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Panorama Question - Blending Modes in PS

MgarberMgarber Member
edited November 2012 in post-processing
I took a large panorama (almost 30 photos) but I'm having trouble with one detail.

On the right side of the panorama, I have one frame that does not have any direct sunlight, and in the neighboring frame the sun peaks in, giving it rich yellow highlights. We'll call them the cool layer and the warm layer.

There are actually about 4 or 5 frames in between the cool layer and the warm layer, but they all contain an unsightly radio tower that was blocking my view (I can stitch the details of the neighboring layers together without an obvious seam).

I want to make a smooth transition from the cool layer to the warm one, so i tried copying the cool layer and putting it on top of the warm layer, then trying the various blending modes. The best result i can get gives me pink highlights instead of yellow. Still not very convincing.

I have the original raw files in Lightroom, but I wasn't able to easily match white balance between the two frames there either. My next two ideas were to try "apply image" and "match color", but my luck with those has never been great.

I'll upload those two layers tonight.


  • TrevTrev Moderator
    edited November 2012

    One thing you can try, once you have the files adjusted in LR re density/exposure and WB happy with them [don't worry about the too cool image section] open them in Photoshop.

    Before stitching, on the cool image apply an adjustment layer using Photo Filter; choose Warming Filter (85), [or Yellow which is the opposite of Blue] 25%-35% opacity.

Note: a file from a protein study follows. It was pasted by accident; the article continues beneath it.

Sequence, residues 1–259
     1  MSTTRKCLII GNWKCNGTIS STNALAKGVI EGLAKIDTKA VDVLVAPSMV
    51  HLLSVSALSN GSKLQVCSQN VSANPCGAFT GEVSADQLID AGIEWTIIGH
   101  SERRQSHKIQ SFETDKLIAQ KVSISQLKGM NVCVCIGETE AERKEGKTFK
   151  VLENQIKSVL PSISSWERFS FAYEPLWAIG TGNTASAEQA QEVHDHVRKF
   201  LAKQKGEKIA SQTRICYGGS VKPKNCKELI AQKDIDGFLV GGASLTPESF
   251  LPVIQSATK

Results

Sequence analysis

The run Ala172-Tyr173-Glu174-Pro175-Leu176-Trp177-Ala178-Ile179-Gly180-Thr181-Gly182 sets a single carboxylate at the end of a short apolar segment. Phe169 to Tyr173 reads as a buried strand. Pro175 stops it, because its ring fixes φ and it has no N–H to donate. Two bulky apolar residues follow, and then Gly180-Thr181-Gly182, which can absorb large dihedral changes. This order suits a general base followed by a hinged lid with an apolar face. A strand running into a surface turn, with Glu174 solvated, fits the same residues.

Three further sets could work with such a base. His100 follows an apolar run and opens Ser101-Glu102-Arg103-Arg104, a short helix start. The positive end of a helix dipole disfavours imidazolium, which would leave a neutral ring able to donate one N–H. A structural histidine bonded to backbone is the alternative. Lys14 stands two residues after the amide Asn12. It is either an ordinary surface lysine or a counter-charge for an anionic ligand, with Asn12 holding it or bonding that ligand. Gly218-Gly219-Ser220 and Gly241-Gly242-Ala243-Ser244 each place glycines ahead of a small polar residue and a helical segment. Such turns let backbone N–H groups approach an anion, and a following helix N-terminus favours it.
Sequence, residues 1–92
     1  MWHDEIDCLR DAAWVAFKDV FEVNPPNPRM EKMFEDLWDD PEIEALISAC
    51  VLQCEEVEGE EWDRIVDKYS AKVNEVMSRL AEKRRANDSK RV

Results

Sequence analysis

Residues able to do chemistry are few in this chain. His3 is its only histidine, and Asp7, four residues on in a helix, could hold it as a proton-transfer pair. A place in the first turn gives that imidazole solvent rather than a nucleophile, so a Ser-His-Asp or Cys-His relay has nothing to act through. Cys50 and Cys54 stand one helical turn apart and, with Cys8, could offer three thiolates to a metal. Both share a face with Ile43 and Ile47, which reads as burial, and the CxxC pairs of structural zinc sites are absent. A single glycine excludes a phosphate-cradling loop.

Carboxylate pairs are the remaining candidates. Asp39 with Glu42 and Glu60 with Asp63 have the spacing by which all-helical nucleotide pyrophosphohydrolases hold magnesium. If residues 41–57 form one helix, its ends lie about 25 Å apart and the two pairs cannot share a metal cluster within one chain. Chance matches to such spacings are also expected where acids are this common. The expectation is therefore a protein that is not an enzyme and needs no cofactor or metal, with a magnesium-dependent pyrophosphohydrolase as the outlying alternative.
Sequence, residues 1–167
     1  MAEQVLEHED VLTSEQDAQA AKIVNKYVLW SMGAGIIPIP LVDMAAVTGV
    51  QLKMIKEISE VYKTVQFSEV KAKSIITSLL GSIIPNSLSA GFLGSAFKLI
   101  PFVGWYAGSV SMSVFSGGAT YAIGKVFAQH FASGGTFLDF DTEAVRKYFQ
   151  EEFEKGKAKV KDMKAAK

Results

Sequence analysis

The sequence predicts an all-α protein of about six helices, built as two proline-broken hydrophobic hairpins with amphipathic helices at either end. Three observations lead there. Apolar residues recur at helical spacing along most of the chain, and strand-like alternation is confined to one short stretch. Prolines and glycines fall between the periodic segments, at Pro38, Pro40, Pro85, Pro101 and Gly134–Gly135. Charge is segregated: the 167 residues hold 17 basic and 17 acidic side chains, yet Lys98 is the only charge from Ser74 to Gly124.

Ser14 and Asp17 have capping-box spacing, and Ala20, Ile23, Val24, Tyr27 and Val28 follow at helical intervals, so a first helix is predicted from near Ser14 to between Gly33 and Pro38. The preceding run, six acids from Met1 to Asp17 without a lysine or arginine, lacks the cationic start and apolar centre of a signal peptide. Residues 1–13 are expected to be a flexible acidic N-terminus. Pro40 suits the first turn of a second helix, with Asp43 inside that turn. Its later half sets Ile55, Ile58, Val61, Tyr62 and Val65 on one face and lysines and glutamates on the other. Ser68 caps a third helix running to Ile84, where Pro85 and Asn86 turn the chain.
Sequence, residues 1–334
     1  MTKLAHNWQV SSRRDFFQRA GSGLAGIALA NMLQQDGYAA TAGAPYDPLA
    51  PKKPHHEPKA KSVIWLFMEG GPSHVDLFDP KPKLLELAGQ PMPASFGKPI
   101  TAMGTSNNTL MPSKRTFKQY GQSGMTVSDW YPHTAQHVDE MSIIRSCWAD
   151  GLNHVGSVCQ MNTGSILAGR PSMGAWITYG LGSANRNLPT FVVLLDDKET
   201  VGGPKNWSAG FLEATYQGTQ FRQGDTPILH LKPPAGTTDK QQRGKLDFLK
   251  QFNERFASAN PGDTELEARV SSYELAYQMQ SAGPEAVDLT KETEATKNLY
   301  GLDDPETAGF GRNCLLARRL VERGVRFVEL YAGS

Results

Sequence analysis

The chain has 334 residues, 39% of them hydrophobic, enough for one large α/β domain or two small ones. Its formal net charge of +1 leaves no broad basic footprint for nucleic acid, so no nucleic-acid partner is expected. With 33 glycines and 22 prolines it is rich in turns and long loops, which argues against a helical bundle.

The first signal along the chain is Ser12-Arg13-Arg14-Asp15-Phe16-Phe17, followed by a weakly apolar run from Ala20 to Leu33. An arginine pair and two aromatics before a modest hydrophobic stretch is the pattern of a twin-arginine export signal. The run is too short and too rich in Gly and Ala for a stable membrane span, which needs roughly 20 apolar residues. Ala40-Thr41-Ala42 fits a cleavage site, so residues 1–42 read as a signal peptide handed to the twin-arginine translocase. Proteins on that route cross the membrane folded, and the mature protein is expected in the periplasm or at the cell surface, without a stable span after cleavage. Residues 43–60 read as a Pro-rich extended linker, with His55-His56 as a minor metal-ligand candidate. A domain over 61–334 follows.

When it applies on top, click on the white mask it generates, do a Ctrl/Cmd 'I' [as in letter 'eye'] that will inverse it and turn to black to hide, then using a Gradient Tool [make sure the swatches are set to default - White/Black] and the type of Gradient is Linear Gradient [first check box] and the Gradient itself is set to 'Foreground to Transparent [white to fading or black to fading depends on the Color Swatch, does not matter as long as they are set to default, hit letter D to reset them].


    Now, holding the shift key, which allows for a perfectly straight line, or freehand up to you; draw across the image to reveal the section you want warm and stop where you still want it cool or not any warmer. Remember if you start with the foreground color black, draw where you 'don't' want it and let go where you want it to appear.

    Your mask will now have some portion white/black.

    Your warm will come through.


    Alternatively, in LR, select a local brush, click on the tiny white box [marked on attached image], you get a color palette, select something appropriate, and gently brush where you want it warmer.

    Make sure your brush opacity is somewhere like 30-50% and brush gradually to build up.

    Probably the easiest, well it is, but not as elegant as a nice gradient, up to you.




    Here is a nice warming combo: H 54; S 43 Make flow to around 50% or just experiment.


    One more thing, with the brush, you can also change the exposure at the same time as if the section is in shade you can increase the exposure slider slightly to give it a lift.

    Remember, with the color, less is more, don't go stupid thinking it looks perfect but then when it joins the section next to it, looks just wrong. Subtle is the key here.
  • Thanks Trev! I'll try that when I get home.
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